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New Zealand's Chandler Brothers to Divide Investments

Richard and Christopher Chandler, New Zealand's richest executives and the brothers who reaped a more than five-fold return investing in South Korea's biggest oil refiner, will split up their investments after a 20-year partnership.

Sovereign Global Investment Ltd., the Chandlers' Dubai, United Arab Emirates-based fund, will divide into two separate investment companies from Dec. 1, the fund said in a statement e-mailed today in response to queries from Bloomberg News.

The division ``will facilitate the continued development of each of the founders' interests,'' Sovereign said in the statement. ``All investments will be split 50-50 between the brothers,'' Sovereign spokesman Richard Barton said in a telephone interview from China. He declined to provide details about Sovereign's funds under management.

Richard Chandler's Sovereign interests will be moved into a new company, Orient Global, with offices in Singapore, Dubai and London. Christopher Chandler will form Legatum Capital, with offices in Dubai and London. By splitting, the brothers' investment strategies will be ``nimbler,'' the statement said. ``Family bonds remain as warm and strong as ever,'' it said.

The Chandler brothers have combined wealth of $5 billion, Institutional Investor magazine reported from a March interview. They founded Sovereign Global, formerly known as Sovereign Asset Management Ltd., in 1986 with $10 million of capital built up by their New Zealand manufacturing, importing, retailing and property development interests.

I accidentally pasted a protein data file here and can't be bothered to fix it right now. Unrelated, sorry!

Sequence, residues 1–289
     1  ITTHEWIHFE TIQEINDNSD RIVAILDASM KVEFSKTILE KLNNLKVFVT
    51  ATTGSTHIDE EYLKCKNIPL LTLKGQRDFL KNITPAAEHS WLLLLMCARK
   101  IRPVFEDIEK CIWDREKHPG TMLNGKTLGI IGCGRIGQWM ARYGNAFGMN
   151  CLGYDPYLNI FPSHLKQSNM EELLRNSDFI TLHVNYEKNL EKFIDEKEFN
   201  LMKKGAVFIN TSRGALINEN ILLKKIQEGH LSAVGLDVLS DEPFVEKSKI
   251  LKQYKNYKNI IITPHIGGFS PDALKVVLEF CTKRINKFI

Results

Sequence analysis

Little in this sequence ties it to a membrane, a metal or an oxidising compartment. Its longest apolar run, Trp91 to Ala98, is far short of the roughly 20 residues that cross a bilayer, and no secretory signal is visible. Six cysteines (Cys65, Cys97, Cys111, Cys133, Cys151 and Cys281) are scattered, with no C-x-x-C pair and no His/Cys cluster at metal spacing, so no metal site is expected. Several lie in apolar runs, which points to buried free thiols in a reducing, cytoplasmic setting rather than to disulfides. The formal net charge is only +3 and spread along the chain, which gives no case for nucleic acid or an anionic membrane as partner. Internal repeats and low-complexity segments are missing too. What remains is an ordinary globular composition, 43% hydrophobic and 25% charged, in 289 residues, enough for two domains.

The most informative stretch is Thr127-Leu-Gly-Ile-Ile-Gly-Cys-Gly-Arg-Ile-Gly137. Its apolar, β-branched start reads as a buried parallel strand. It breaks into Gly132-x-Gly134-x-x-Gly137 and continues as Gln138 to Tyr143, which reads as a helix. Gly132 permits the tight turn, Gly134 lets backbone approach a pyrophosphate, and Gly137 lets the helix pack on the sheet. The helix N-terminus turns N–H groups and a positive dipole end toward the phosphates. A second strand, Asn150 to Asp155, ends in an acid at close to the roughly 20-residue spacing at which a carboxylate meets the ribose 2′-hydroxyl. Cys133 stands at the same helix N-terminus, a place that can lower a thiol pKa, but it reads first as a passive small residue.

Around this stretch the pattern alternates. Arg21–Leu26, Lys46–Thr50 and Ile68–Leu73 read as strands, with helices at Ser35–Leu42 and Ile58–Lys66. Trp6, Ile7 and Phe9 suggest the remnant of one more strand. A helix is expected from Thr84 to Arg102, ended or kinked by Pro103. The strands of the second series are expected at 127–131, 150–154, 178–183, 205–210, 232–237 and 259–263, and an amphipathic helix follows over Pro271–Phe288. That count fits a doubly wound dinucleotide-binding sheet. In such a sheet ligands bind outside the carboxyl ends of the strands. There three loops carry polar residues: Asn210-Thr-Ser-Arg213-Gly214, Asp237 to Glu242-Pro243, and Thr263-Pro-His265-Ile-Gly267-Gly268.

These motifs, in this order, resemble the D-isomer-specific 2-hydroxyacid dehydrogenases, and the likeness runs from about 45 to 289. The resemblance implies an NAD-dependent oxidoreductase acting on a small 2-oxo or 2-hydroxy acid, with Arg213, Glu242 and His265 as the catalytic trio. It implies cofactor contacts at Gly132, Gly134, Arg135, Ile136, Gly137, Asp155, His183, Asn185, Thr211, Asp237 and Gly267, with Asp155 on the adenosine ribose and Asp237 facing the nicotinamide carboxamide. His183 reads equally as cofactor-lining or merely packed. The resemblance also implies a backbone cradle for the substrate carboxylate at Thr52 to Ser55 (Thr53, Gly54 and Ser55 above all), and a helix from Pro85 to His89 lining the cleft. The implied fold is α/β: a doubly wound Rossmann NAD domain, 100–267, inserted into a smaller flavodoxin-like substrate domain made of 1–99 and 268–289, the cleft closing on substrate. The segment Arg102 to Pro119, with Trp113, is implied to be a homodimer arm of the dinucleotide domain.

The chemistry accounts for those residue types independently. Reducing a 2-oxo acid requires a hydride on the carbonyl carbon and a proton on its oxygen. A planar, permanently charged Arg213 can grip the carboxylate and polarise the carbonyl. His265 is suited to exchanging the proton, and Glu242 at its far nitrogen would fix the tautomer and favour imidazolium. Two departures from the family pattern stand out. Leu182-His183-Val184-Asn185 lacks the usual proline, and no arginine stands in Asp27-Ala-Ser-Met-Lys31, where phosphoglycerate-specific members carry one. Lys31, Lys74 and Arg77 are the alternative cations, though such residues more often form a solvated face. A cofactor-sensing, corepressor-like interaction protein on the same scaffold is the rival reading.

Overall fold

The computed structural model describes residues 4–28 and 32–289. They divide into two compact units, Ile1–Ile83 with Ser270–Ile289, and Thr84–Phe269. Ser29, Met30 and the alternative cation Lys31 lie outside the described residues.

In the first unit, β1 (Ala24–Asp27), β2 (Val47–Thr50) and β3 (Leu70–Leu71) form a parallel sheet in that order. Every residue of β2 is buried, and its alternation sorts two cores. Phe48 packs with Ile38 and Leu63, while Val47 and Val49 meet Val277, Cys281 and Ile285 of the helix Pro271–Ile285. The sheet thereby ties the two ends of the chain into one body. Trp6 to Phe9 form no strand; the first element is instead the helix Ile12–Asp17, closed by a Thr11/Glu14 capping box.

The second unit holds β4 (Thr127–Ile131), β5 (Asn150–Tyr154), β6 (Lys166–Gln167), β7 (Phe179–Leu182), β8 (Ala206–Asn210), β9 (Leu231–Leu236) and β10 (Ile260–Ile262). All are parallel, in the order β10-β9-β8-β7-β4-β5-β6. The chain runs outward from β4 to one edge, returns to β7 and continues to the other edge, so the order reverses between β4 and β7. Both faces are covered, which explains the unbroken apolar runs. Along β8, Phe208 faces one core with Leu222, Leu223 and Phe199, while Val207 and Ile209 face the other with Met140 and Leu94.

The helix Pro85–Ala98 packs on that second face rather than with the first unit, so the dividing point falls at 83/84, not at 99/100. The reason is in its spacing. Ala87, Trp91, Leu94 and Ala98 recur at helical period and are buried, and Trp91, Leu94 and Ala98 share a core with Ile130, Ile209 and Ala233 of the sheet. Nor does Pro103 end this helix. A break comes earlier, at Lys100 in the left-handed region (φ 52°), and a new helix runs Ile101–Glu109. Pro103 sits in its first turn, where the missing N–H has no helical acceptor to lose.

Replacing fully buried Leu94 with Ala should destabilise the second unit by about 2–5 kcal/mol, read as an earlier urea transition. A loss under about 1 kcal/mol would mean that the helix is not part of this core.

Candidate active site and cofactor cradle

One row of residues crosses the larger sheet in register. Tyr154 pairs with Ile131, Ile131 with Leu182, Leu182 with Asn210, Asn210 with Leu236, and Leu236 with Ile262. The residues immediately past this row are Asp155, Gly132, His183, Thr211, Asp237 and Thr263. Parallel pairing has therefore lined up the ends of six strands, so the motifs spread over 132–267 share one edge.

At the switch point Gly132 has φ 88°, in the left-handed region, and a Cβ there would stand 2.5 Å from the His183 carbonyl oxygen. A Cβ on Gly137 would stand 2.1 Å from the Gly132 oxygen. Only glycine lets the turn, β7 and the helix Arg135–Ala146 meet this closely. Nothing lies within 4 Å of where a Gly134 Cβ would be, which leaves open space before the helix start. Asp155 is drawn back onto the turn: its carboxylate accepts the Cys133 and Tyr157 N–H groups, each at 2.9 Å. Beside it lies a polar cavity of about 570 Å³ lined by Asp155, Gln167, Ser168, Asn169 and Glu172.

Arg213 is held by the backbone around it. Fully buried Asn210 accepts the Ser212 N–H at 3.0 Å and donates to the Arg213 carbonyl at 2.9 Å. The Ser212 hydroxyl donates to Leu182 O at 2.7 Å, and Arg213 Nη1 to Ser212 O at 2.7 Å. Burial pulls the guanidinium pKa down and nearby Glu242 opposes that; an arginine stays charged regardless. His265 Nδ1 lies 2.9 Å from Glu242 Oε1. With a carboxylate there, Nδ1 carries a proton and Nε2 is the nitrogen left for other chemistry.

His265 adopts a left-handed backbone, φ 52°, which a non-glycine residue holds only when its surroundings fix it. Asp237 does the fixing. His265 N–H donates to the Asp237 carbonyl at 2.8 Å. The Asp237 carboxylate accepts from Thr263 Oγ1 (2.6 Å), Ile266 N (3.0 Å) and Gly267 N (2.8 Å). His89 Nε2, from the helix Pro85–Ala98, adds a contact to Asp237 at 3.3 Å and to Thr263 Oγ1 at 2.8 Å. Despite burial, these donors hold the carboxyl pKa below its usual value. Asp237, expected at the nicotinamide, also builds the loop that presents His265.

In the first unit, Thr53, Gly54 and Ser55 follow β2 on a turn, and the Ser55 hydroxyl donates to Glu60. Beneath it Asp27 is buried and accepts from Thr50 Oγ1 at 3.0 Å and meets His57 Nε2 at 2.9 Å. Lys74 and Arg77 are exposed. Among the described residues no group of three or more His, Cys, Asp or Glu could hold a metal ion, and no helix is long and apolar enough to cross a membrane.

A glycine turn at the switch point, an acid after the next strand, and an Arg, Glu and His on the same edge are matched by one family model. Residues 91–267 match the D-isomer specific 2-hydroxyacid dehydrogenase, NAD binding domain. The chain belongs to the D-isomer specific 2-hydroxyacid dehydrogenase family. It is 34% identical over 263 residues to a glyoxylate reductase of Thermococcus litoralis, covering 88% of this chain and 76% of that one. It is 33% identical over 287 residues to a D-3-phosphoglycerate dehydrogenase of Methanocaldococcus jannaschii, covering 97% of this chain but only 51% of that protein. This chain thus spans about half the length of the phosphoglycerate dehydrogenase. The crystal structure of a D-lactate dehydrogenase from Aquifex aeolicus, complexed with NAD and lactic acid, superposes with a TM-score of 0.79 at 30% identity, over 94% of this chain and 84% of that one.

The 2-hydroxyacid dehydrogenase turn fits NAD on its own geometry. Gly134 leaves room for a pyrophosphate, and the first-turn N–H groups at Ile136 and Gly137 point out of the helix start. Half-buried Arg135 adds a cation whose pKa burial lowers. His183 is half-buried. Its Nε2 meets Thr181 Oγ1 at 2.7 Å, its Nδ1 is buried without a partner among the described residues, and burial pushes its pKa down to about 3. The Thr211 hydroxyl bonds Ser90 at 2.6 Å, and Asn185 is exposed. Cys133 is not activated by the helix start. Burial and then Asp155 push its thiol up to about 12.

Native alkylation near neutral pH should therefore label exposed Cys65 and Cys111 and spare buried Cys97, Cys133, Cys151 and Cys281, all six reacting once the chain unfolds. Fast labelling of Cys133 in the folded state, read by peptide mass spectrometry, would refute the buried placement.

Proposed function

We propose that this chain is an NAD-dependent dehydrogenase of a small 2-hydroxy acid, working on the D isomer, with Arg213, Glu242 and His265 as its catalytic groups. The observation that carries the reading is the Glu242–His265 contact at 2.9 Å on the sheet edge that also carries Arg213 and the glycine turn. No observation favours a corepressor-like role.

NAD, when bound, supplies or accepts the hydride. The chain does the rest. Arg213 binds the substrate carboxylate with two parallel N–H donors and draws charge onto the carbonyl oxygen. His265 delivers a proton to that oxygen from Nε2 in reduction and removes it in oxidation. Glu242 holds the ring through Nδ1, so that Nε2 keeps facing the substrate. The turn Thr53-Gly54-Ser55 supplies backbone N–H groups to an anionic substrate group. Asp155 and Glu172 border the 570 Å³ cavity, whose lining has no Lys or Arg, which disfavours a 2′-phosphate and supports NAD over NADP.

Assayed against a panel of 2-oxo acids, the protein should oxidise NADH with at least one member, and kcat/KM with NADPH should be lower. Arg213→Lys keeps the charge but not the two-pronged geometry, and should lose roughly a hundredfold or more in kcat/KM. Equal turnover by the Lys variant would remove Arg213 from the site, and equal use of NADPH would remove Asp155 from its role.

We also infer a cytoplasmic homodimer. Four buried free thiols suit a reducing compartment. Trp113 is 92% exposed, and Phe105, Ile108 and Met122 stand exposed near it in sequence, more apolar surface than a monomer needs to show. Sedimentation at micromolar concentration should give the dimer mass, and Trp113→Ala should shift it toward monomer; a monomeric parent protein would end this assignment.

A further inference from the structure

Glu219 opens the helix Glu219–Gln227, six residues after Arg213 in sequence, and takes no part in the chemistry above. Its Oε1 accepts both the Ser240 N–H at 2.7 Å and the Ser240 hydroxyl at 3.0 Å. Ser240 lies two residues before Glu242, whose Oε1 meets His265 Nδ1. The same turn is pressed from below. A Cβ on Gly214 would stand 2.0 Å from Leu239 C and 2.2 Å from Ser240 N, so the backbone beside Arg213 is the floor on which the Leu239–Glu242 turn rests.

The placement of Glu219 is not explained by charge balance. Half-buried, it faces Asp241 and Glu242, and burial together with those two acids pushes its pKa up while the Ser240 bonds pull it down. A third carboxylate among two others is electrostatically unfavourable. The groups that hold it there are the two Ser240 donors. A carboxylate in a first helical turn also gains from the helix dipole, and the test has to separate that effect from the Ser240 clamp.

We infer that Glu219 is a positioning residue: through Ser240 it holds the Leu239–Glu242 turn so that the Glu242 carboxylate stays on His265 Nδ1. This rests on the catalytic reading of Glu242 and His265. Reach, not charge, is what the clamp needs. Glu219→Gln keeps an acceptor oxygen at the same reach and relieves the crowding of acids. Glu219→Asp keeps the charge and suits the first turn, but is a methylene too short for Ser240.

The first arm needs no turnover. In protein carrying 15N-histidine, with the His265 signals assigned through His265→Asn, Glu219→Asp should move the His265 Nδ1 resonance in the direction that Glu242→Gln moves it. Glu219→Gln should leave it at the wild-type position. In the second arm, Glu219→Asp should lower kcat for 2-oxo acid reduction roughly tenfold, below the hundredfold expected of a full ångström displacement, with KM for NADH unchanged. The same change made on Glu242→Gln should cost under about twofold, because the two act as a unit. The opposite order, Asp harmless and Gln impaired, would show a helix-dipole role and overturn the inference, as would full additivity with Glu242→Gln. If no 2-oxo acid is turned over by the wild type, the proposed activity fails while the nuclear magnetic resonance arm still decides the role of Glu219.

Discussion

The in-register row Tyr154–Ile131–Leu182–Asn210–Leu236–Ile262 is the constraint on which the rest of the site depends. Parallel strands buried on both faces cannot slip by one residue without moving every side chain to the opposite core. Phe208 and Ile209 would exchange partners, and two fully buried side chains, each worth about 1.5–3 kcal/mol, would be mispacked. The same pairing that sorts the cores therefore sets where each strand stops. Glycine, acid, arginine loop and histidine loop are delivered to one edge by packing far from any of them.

Eastern Europe

Sovereign moved to Monaco in 1986 and to Dubai in 2004. The firm's investments focused on Hong Kong real estate during the late 1980s and on Latin American treasuries, telecommunications firms and utilities during the early 1990s, Sovereign's Web site says.

The focus then moved to an Eastern Europe in transition from communism to capitalism in 1994 and from 2002 to Japan's banking industry.

The fund's investments have included a $900 million stake in SK Corp., South Korea's largest oil refiner, which it sold in July 2005 at more than five times the average price it paid per share in 2003.

The sale ended a two-year battle for control of the company after the fund twice failed to oust Chairman Chey Tae Won. It alleged he was not fit to run the company after he was convicted of involvement in a $1.5 billion accounting fraud.

In August 2005 Sovereign sold $1 billion of shares in South Korea's LG Electronics Co. and LG Corp. after abandoning plans to participate in management.

Gazprom, Indiabulls

Sovereign has held stakes in Russia's OAO Gazprom, Japan's UFJ Holdings Inc., and this month bought a 4.5 percent stake in New Delhi-based Indiabulls Financial Services Ltd., whose shares have more than doubled in a year, for $66 million.

Indiabulls, which also counts Goldman Sachs Group Inc. and Indian billionaire Lakshmi Mittal among its investors, began offering securities brokerage services in 2000. It sells financial products and services to 300,000 customers in 124 cities across India.

To contact the reporter on this story: Will McSheehy in Dubai on at wmcsheehy@bloomberg.net

To contact the editor responsible for this story: Malcolm Fried in Amsterdam at mfried@bloomberg.net

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